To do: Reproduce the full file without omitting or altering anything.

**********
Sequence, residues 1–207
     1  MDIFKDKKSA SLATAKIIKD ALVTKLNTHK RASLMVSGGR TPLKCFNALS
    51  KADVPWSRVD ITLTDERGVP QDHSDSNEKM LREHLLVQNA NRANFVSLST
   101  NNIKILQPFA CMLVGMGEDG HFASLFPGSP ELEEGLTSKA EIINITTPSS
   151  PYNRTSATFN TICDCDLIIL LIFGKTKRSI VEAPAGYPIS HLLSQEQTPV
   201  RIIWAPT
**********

Sequence, residues 1–207
     1  MDIFKDKKSA SLATAKIIKD ALVTKLNTHK RASLMVSGGR TPLKCFNALS
    51  KADVPWSRVD ITLTDERGVP QDHSDSNEKM LREHLLVQNA NRANFVSLST
   101  NNIKILQPFA CMLVGMGEDG HFASLFPGSP ELEEGLTSKA EIINITTPSS
   151  PYNRTSATFN TICDCDLIIL LIFGKTKRSI VEAPAGYPIS HLLSQEQTPV
   201  RIIWAPT